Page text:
If I open the loop then I can get bode plots of A(s) and f(s) individually but how do I get the bode plot of A(s)*f(s).

    Thanks



  8. #8
    LvW
    LvW is offline
    Advanced Member level 5
    Points: 37,670, Level: 47
    LvW's Avatar
    Join Date
    May 2008
    Location
    Germany
    Posts
    5,119
    Helped
    1518 / 1518
    Points
    37,670
    Level
    47

    pspice phasemargin measurement

    Quote Originally Posted by analog_match
    ....................
    LvW, I have a comment and then a further question to this thread:
    .......................
    Generally when we measure a gain in a simulation tool like Pspice or cadence spectre etc. we have some input src and we put a signal of magnitude 1 in the "A.C. magnitude" field to linearize the circuit and then simply do an a.c. analysis on the output port. But this gives us the bode plot of G(s).
    If I open the loop then I can get bode plots of A(s) and f(s) individually but how do I get the bode plot of A(s)*f(s).
    Thanks
    The answer is quite logical:
    1.) Ground the "normal" input
    2.) Open the loop and inject an ac test signal of 1 volt at one node of the cut and watch/draw the voltage at the other node of the cut.
    3.) Thatīs the PRINCIPLE. However, in most cases the bias point is lost or changed by openeung the loop. Thatīs the reason several articles and papers have been written to solve this. There are several "tricky" methods.
    The simplest method is to place the test voltage source BETWEEN both nodes of the cut. This works only if the cut is done at a low impedance point (opamp output)

    Any further questions ?

    Added after 1 hours 4 minutes:

    I forgot to mention, that in case of a test voltage in series with the cut (between) you always have to calculate the ratio output/input - even when the test voltage is 1 volt.


    1 members found this post helpful.

  9. #9
    Member level 2
    Points: 1,107, Level: 7

    Join Date
    Nov 2008
    Location
    USA
    Posts
    50
    Helped
    0 / 0
    Points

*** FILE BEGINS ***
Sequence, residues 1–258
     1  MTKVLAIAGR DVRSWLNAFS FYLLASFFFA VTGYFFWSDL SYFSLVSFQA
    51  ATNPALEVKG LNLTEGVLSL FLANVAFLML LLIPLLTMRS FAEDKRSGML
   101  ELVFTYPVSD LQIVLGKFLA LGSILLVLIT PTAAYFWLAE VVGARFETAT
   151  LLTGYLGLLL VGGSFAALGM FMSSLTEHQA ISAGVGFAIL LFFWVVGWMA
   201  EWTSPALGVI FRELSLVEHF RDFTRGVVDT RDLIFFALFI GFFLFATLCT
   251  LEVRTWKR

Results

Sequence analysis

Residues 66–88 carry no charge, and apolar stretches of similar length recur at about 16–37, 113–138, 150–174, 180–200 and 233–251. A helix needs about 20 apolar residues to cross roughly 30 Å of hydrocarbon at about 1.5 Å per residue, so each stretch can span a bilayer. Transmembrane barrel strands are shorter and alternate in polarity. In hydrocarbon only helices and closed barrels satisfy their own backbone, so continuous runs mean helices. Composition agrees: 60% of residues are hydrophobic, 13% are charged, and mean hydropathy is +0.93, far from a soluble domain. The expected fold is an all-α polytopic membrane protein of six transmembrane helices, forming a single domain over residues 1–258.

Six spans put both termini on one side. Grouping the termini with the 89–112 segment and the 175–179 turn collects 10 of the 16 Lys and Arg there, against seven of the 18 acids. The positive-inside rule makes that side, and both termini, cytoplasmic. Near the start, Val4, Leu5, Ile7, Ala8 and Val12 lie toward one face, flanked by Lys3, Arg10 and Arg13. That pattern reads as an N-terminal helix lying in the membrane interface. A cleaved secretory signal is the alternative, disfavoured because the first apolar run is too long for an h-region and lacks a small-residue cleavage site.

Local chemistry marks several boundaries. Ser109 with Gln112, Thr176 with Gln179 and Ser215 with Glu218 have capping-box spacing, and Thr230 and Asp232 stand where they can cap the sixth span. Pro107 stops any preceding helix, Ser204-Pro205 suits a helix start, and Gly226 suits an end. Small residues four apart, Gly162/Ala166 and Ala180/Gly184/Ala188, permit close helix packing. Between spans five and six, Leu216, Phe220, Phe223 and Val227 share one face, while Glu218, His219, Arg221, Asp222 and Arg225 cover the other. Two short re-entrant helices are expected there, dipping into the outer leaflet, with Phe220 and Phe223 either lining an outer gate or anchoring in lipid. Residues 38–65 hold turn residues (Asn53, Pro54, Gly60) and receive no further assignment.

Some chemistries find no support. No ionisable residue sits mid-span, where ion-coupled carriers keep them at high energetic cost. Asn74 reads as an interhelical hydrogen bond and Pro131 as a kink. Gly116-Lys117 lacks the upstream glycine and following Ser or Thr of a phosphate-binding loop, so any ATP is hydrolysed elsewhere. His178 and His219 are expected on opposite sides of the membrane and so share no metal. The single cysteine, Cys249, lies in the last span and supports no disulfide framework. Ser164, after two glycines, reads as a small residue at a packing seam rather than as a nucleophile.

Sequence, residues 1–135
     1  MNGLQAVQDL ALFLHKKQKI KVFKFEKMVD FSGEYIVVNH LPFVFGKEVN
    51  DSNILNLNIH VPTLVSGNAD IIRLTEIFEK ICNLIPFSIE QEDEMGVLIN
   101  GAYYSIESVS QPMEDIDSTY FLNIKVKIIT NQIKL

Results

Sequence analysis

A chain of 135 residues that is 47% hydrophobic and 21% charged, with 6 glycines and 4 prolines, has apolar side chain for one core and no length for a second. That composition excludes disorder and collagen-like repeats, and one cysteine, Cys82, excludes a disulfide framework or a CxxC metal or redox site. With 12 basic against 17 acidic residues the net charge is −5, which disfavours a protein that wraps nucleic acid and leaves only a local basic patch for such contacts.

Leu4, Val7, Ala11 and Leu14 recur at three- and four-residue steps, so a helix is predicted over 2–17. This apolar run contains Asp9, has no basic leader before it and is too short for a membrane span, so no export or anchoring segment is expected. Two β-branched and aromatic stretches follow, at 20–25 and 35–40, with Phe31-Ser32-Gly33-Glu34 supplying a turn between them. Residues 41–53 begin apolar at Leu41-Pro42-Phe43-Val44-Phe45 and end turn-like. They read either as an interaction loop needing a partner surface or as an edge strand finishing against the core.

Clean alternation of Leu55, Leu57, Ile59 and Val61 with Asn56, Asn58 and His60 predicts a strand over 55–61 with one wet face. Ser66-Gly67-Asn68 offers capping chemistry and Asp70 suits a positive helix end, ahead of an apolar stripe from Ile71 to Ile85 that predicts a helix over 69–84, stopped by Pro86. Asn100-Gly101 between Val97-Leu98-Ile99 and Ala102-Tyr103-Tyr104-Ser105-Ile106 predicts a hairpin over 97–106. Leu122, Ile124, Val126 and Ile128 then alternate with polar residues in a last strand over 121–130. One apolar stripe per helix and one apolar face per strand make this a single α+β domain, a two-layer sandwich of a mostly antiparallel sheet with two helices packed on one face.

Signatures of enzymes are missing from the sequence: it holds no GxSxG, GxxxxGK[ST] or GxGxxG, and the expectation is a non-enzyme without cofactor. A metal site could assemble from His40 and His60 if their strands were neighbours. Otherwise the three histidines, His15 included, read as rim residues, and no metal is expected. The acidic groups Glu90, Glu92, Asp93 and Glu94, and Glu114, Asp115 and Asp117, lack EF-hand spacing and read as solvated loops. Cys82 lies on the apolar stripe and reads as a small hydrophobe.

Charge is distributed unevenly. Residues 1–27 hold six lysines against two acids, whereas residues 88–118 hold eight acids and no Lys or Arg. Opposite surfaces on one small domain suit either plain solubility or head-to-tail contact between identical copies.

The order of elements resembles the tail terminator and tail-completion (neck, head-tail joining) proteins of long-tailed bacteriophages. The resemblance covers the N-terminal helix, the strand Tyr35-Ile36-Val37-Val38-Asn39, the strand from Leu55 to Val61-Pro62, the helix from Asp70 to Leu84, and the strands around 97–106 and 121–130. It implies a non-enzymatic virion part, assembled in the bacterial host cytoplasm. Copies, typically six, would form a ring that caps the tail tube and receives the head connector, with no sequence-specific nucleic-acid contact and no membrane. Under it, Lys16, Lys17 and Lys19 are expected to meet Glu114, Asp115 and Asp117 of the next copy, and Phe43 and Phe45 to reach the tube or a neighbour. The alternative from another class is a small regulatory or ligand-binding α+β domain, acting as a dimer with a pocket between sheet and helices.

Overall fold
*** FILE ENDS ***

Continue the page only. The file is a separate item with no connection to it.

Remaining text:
1,107
    Level
    7

    how to calculate phase from transfer function

    Thanks LvW. Your insight has been very helpful.



  10. #10
    Newbie level 1
    Points: 721, Level: 5

    Join Date
    Dec 2008
    Posts
    1
    Helped
    0 / 0
    Points
    721
    Level
    5

    calculate phase margin

    Hello All

    If you decide to inject an AC source directly in your circuit to break the loop, how would you calculate the phase margin?

    Would it be difference of the phase between out and in?



  11. #11
    LvW
    LvW is offline
    Advanced Member level 5
    Points: 37,670, Level: 47
    LvW's Avatar
    Join Date
    May 2008
    Location
    Germany
    Posts
    5,119
    Helped
    1518 / 1518
    Points
    37,670
    Level
    47

    example for phase margin

    Quote Originally Posted by parkl
    Hello All

    If you decide to inject an AC source directly in your circuit to break the loop, how would you calculate the phase margin?

    Would it be difference of the phase between out and in?
    No, of course not. Look at the DEFINITION of the margin. It is the difference between the actual phase shift (at the cross-over frequency) and -180 deg.



  12. #12
    Newbie level 5
    Points: 733, Level: 5

    Join Date
    Mar 2009
    Posts
    10
    Helped
    0 / 0
    Points
    733
    Level
    5

    calculation of gain and phase margin in cadence

    hi,

    Using bode plot u can find the phase margin for both open loop and closed loop systems.. the magnitude plot and the phase plot are drawn and then phase angle at gain cross over frequency is found out and it is added with 180 degree..



  13. #13
    LvW
    LvW is offline
    Advanced Member level 5
    Points: 37,670, Level: 47
    LvW's Avatar
    Join Date
    May 2008
    Location
    Germany
    Posts
    5,119
    Helped
    1518 / 1518
    Points
    37,670
    Level
    47

    open loop closed loop phase margin

    Quote Originally Posted by gaya_pink
    hi,
    Using bode plot u can find the phase margin for both open loop and closed loop systems.. .
    Correction: The phase margin is defined only for the open loop system.



+ Post New Thread
Please login